UA’s Cyber Security Program Hosts Virtual Capture the Flag Competition

By Sarah Graham

Outside shot of Engineering quad with fountain and trees on a sunny day

In conjunction with The University of Alabama’s Cyber Security Club Crimson Defense and UA’s Digital Forensics and Control System Security Lab, the UA College of Engineering’s Department of Computer Science hosted its 4th annual cyber security Capture the Flag Competition on March 5th.

The University of Alabama Capture the Flag competition, or UACTF, is a Jeopardy-style competition for high school students in which teams of budding cyber-sleuths solve challenges to score as many points as possible. Challenge categories include code-breaking and decoding, cryptography, email analysis, social engineering, and website security, among others.

Computer Science associate professor and Crimson Defense advisor Dr. Travis Atkison says that while they call the event a competition at its core, its purpose is to teach the kids about cyber security and to get students excited about cyber security and computer science. Competitions like UACTF offer a chance for high school students to learn how to research a cyber security problem and utilize the resources they have to solve it, giving them an understanding of the importance of security and privacy.

Cyber Security competitions like UACTF have been increasing in popularity across the nation. This year marks the fourth year for UACTF, and the number of competing teams has nearly tripled since the competition began, despite the challenges of COVID. This year, 22 teams representing high schools in three states came together via Zoom to compete remotely.

Seeing the spark of interest in the high school students and seeing them take that spark and go to college to study cyber security or computer science is part of the “win” that brings students to the Capstone to continue pursuing their interests in the field. “We’re starting, now, to see those 10th, 11th, and 12th graders from the previous years show up at UA and get involved,” Atkison said.

The current president of UA’s Crimson Defense club, Cole Robbins, was one of those students who got into cyber security because of a high school cyber competition. According to Dr. Atkison, “(Robbins) started in ‘Cyber Patriot.’ One of the reasons he came to the University of Alabama was because we have Crimson Defense and we were, at the time, starting this cyber program.”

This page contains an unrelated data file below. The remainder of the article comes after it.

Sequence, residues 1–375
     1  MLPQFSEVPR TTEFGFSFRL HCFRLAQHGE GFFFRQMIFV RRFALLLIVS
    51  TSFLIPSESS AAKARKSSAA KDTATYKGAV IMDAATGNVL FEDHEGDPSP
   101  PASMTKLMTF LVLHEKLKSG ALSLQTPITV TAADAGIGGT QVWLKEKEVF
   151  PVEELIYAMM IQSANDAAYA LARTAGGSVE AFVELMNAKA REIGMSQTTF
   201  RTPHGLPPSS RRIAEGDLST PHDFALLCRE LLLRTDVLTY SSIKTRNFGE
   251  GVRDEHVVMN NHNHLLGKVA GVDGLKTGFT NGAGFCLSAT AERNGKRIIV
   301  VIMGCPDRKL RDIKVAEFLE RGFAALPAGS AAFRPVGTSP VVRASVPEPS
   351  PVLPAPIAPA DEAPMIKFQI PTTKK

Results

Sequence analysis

Dr. Atkison says that events like UACTF and similar events across the nation are “excellent educational opportunities” for incoming college students and a great service opportunity for the UA students to give back.

As part of the Crimson Defense club, UA students are the primary masterminds creating the challenges for the competition, with some help from Dr. Atkison. The club members are also the primary volunteers running the event on the day of the competition.

“I will introduce myself. I’ll have Cole (Robbins) come up, he’ll talk, and from then on, Cole is running the show,” Atkison said. “Throughout the competition, six to eight Crimson Defense members will be going into the breakout rooms with the competitors.” This provides an opportunity for the Crimson Defense members to engage with competitors and assist, if needed, throughout the competition.

Due to the pandemic, UACTF has been held via Zoom for the last two years. Next year, Dr. Atkison is hoping to aim for a hybrid competition to allow a chance to have some students on campus. However, there are pros and cons to both virtual and in-person formats. While in-person competitions allow for more interaction between the competitors and UA students, the virtual format allows teams to participate in the competition no matter where they are located. Atkison mentioned one team that competed this year probably wouldn’t have been able to attend due to traveling costs if the event had been held at UA.

Dr. Atkison stated that since they have moved UACTF virtual, his group feels confident that their underlying architecture is solid and that scalability wouldn’t be a problem. “We feel we could scale to hundreds of teams,” Atkison said. In fact, one of his overall goals is to have a larger virtual fall event and a smaller “best of the best,” or regional competition, held in the spring at UA.

Resources for UACTF are another vital part of the equation for the competition’s success. Although the event has received corporate and interdepartmental funding in the past, Dr. Atkison is always in search of support that will allow the competition to continue to grow. Investing in competitions like UACTF is a great marketing tool for UA and the College of Engineering and is a “tremendous” way to promote UA’s cyber security and computer science programs, according to Atkison.

These programs, in turn, will provide a head start in employment for UA’s cyber security and computer science graduates. According to Dr. Atkison, the job opportunities for those with a cyber security or computer science background are wide open. “You can look at the numbers,” Atkison said. “There’s anything from half a million, or over a million, depending on who you read, jobs right now where there is no one qualified to fill in this field.”

In 1837, The University of Alabama became one of the first five universities in the nation to offer engineering classes. Today, UA’s College of Engineering has more than 5,200 students and more than 170 faculty. In recent years, students in the College have been named USA Today All-USA College Academic Team members, Goldwater, Hollings, Portz, Boren, Mitchell and Truman scholars.

Author: Sarah Graham    /    Posted on: March 31, 2022    /    Posted in:   Computer Science, Events, Students    /    Features: